Affordable, Accessible High-Speed Internet for Every American
Millions of Americans don’t have access to broadband—either because it’s not available or they can’t afford it.
Without affordable, reliable broadband connectivity, Americans in both rural and urban communities are held back. This means millions of students are falling behind in school, many older Americans cannot access online healthcare through telehealth solutions, and job seekers and employers have limited options. Communities without broadband access have higher unemployment.
This is a challenge that government policy in conjunction with the private sector can help solve. We can improve education, help job seekers, and put prosperity in reach for more Americans if Congress provides adequate infrastructure investment and smart policies that enable:
- Internet access to reach communities of every size using any and all technologies that provide high-speed internet cost-effectively, including wired connections, fixed wireless, and satellite;
- Every American to afford internet service and computing devices needed to connect;
- New internet users to learn to connect and benefit from technology.
The stakes could hardly be higher. Internet access is fundamental to participating fully in our society and economy. Our nation, economy, businesses, communities, and families will all benefit if every American can get online.
Bipartisan Infrastructure Bill Invests in Broadband
On November 5, 2021, the U.S. House passed the bipartisan Infrastructure Investment and Jobs Act (IIJA), which includes a $65 billion investment in broadband, sending the legislation to President Biden to be signed into law. (The Senate passed the bill in August.) This investment includes funding to expand access as well as to help families afford broadband.
Passage of the IIJA represents a significant step forward in closing our nation’s broadband gap. In May 2022, the National Telecommunications and Information Administration (NTIA) issued Notices of Funding Opportunity for broadband programs created by the infrastructure bill. All states, as well as Puerto Rico and Washington, DC, have received initial Digital Equity and Broadband Equity Access and Deployment (BEAD) funds to develop plans for expanding broadband access.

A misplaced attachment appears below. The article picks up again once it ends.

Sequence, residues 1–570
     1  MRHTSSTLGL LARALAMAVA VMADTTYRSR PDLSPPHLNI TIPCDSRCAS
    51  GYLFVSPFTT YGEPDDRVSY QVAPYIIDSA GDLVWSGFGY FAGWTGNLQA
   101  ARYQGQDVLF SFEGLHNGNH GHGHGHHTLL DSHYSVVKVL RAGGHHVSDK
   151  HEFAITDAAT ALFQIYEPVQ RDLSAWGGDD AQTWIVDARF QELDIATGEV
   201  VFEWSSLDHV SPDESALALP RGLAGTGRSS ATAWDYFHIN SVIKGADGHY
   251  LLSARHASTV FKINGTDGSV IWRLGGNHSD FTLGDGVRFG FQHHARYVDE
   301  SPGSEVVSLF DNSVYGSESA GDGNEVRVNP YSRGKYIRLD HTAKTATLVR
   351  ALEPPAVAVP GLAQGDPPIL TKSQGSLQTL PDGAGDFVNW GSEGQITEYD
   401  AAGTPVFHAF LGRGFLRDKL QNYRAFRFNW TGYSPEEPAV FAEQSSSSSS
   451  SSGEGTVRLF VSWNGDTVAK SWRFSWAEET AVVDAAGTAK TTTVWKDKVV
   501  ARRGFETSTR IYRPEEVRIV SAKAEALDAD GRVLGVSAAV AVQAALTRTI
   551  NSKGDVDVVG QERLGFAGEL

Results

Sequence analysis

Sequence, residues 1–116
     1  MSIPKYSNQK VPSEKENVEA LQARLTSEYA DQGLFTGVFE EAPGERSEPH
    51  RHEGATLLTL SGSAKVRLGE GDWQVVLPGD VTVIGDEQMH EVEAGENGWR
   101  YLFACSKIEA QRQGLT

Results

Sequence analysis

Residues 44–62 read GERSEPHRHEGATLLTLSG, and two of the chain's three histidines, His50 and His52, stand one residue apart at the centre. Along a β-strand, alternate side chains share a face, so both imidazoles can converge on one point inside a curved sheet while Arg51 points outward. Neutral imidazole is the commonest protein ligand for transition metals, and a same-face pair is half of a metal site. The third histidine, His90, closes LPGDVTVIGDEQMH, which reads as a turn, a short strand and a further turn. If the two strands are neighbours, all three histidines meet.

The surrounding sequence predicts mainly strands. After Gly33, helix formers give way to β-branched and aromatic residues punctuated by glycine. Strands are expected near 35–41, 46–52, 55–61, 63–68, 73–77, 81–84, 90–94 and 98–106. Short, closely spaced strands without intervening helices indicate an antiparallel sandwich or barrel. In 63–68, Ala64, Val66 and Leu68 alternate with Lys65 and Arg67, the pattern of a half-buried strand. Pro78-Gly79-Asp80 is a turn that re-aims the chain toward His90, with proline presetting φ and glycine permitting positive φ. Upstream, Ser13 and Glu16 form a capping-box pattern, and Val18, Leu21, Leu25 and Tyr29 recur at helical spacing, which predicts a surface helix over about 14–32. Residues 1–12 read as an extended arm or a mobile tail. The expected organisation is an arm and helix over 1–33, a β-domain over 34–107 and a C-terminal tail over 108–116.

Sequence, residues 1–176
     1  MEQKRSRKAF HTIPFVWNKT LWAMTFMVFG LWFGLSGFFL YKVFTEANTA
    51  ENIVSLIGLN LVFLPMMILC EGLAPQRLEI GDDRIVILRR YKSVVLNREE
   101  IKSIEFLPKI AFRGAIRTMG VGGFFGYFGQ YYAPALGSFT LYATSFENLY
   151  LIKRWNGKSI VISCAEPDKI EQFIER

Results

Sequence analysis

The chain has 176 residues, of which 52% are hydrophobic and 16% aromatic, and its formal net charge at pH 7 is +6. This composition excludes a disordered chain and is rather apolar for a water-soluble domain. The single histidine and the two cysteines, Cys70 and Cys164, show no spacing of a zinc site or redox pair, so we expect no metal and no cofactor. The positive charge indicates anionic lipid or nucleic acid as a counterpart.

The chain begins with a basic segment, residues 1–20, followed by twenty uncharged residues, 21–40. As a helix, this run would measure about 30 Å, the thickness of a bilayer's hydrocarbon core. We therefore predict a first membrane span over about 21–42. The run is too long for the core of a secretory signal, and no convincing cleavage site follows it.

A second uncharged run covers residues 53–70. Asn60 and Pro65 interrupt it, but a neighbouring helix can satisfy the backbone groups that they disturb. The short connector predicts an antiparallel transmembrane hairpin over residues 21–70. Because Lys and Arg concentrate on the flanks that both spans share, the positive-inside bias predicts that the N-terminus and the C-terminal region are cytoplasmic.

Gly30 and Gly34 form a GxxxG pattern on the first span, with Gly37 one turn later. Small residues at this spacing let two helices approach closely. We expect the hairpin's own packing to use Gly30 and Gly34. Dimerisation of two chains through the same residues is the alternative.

Broadband Expansion Moves Forward in 2023
In 2023, the federal government continued to move forward with the implementation of the BEAD program, which will distribute $42.5 billion to states for broadband expansion. Project approvals are now underway, and states have been allocated funding ranging from $107 million to $3.3 billion. A complete list of all allocations can be found here. This represents the “ground game” of broadband deployment, with funding going to expand broadband infrastructure.
Affordable Connectivity Program (ACP)
Critically, the infrastructure bill also included $14.2 billion in funding for the Affordable Connectivity Program (ACP). As the name suggests, the ACP helps expand broadband access by enabling low-income households to afford the monthly fee for broadband service. Through the ACP, qualifying households receive a $30 monthly discount on internet service and a one-time $100 device discount.
The ACP has been an overwhelming success, with more than 23 million households enrolling in the program through January 2024. These new broadband connections translate into immeasurable benefits, including access to education, training, job opportunities, government services, telehealth services, and more.
The American Consumer Institute estimates that the “investment value of this program will likely yield 160,000 in new jobs and contribute $37 billion to U.S. GDP, including over $9 billion in employment earnings.” In other words, our entire economy is lifted by the ACP. It is a public investment that makes social and economic sense—and it has bipartisan support.
Despite its success, the ACP will end in the first half of 2024 unless Congress takes action to renew funding. New enrollments in the program end on February 7. Without the ACP, millions could lose their broadband access—and the results would be devastating. More kids would fall behind in school. Job seekers would struggle to find work. Healthcare would become less accessible for many. This shouldn’t happen.
On January 10, 2024, a bipartisan group of U.S. senators and representatives introduced the Affordable Connectivity Program Extension Act, which would provide an additional $7 billion to the ACP. Voices for Innovation members from around the country have been reaching out to their members of Congress to urge them to preserve the ACP. You can help with this effort by emailing your legislators as well. It takes just a few minutes to complete this action by following this link.
Shelley McKinley, Microsoft on the Issues